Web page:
Above: The lilacs are just weeks away from blooming.
With apologies to California, it has been raining here for many days and our mountain has finally turned green. I am chomping at the bit for the ten day weather forecast to reach out as far as May 5, the magic “last day of frost” line in the sand for our unpredictable mountain climate. As soon as I have a handle on that I’ll know when the bulk of the summer garden can be planted.
Last year we had a hard frost in late April. The result was we had NO kiwi fruit as the blossoms did not survive, nor were there any lilacs. So far this spring things are looking up. Even the new lilac bushes that I propagated last year have buds waiting to delight. I’ve given a number of rousing pep talks to the kiwi trees and the team is ready to go for a prolific growing season.
We are busy with various projects now that the weather has warmed a bit. Cog has finished reinforcing the old wind fence that lines the north side of our garden fortress. Up here on the mountain, there is often a steady breeze, delightfully similar to the beach. But we also have 20 to 40mph sustained winds howling with weather fronts and storms that move through. It is a godsend the builder of this home thought to put the fence there to help protect the apple orchard.
Although the wind fence is getting old and leaning quite a bit here and there, we assessed it could last 2-5 more years with a little help. Cog reinforced the posts and added support to each on both sides. We filled in any holes where the bunnies had burrowed, which were our only known security breaches. It seems we are good to grow. :-)
Cog and I have added two new kiwi trees and more blueberries to the orchard inside the garden fence. Unfortunately it appears we have lost one of our veteran apple trees.
It’s turkey season for the hunters in our neck of the woods. I’m beginning to suspect there was a memo that went around alerting all those who communicate by gobbling that there are no hunters on the Cog property. The turkeys show up quite often these days and what a racket they make! I try to get in close with my camera, but usually I am left snapping images of their backsides. They are incredibly fast for two legged birds that don’t fly far.
Since posting the TIF article on Mustard last week I see mustard everywhere. While spring turned our world green this week, since nothing has yet been mowed or cut, our backyard, as well as the neighboring properties, have turned bright yellow with flowers. Containing four petals with a small florette in the middle that looks like broccoli, it is clearly mustard. Indeed, gazing around at the wild onions, rampant dandelions and prolific mustard, I realized I was walking through a fresh salad. How many times in my life have I done this without ever knowing?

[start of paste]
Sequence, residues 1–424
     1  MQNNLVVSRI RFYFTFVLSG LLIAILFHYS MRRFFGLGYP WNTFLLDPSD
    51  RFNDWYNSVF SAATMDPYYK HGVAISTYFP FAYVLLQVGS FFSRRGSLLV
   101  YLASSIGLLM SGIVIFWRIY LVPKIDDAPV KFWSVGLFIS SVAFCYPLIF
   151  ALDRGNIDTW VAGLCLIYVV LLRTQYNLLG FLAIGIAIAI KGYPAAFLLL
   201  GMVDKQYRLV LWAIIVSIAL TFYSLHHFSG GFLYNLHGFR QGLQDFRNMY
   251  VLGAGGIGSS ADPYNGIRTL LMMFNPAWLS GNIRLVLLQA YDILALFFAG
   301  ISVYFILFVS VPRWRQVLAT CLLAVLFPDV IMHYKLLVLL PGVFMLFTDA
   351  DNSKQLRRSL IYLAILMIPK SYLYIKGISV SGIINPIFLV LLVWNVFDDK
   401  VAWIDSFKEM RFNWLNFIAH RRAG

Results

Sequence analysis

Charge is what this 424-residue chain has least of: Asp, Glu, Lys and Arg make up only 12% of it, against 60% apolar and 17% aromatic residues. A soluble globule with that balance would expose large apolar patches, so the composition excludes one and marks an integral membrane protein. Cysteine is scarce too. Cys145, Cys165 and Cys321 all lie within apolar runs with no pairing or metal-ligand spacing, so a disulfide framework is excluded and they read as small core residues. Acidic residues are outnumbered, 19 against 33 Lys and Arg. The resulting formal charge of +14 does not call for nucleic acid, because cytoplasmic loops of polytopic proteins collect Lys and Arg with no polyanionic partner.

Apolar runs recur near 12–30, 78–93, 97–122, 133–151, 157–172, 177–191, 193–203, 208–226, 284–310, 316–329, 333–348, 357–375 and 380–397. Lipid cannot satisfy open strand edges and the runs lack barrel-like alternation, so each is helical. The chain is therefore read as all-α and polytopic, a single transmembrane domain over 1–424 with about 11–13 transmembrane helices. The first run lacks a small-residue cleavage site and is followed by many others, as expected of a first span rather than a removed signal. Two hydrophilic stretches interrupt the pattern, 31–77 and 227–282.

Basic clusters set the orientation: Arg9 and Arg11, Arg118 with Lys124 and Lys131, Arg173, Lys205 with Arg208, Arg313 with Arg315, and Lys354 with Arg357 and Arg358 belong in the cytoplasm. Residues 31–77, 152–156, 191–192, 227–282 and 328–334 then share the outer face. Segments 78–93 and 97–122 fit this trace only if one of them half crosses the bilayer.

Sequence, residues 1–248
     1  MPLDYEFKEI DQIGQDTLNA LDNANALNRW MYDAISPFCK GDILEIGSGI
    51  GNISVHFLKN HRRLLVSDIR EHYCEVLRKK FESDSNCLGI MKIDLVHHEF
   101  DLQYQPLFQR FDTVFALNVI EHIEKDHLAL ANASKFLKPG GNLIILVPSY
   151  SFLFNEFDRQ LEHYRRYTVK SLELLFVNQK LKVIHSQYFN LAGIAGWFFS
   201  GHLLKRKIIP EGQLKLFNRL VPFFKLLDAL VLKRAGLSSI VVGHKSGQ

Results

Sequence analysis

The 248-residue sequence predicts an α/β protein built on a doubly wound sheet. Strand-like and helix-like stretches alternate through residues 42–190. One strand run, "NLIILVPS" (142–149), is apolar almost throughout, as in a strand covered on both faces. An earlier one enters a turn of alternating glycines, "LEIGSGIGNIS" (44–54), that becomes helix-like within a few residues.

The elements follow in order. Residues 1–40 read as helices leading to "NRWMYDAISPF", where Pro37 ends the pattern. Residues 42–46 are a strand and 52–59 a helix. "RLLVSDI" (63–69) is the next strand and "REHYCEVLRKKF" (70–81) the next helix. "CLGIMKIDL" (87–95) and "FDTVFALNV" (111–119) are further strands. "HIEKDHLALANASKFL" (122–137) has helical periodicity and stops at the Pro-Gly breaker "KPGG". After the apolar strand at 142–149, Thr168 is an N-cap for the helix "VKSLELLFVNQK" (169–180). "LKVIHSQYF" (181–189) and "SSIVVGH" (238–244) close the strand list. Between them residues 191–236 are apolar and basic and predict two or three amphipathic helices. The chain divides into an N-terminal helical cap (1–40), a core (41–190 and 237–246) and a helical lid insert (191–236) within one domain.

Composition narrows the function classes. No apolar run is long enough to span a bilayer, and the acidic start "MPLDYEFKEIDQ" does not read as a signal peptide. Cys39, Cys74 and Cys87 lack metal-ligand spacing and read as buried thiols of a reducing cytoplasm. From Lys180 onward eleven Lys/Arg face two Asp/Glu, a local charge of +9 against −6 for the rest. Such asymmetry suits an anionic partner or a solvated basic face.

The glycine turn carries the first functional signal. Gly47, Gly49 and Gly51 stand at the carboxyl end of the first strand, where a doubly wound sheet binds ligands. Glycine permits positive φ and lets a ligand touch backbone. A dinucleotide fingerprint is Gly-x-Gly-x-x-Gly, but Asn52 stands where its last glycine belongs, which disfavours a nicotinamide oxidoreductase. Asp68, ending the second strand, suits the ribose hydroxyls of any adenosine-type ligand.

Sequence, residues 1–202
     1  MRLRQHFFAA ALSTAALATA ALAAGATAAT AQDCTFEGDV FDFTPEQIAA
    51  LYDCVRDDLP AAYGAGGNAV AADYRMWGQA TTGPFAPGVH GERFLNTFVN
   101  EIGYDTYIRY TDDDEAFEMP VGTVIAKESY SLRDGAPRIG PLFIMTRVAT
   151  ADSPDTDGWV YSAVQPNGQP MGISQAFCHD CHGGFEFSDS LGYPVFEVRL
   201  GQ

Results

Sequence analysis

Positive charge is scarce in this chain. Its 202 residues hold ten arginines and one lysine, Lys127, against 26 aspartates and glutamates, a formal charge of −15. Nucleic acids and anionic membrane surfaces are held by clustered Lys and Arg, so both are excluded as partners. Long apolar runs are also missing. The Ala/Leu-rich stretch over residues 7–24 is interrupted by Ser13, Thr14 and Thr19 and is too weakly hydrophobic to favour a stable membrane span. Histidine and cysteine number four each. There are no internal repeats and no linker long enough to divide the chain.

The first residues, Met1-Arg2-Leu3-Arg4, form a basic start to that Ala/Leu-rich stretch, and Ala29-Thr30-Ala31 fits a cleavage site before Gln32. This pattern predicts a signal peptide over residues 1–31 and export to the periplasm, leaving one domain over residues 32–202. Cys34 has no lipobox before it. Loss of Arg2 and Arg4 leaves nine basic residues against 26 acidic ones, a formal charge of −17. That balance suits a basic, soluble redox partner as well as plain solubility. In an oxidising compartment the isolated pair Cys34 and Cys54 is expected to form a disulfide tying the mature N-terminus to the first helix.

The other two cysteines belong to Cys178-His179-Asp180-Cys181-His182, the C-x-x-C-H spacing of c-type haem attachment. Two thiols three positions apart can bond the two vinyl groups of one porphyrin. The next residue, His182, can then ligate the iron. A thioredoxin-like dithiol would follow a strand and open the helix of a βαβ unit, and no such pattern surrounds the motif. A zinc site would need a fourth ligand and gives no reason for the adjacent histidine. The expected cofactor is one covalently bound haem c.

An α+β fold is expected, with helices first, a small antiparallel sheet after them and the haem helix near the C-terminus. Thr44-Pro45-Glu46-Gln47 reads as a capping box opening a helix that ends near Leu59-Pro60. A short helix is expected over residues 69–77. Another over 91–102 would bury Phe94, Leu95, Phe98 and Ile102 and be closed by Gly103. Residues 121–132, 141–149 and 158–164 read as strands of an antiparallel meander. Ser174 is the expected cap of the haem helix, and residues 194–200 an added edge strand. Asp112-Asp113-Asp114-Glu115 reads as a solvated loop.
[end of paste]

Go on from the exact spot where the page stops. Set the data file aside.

Over the past weeks I have been hard at work building a small rock wall to edge the beds around the house. Our mountain has abundant beautiful white stones so supply was not an issue, only my strength and stacking skills. After weeding and mulching the beds, the landscaping portion needs only flowers added and the majority of efforts can then turn towards the main garden area.
Speaking of the garden, the strawberry patch transplant from the area where they had previously multiplied has been a rousing success. Not a single plant failed to take and I’m getting a very happy vibe from that corner of the garden.
I think there is no better way to escape from both the programming of the mainstream messages and the stream of fear projected in much of the alternative media than to find inner peace and quiet in the garden. In there I can feel the magic I think all humans were meant to tap. Perhaps each of us have a magical muscle of balance and happiness lurking just under the surface, only needing to stretch from its atrophied state to help us be complete. Who would have thought I could find that among the bugs and dirt on a mountain out here in the middle of no where. :-)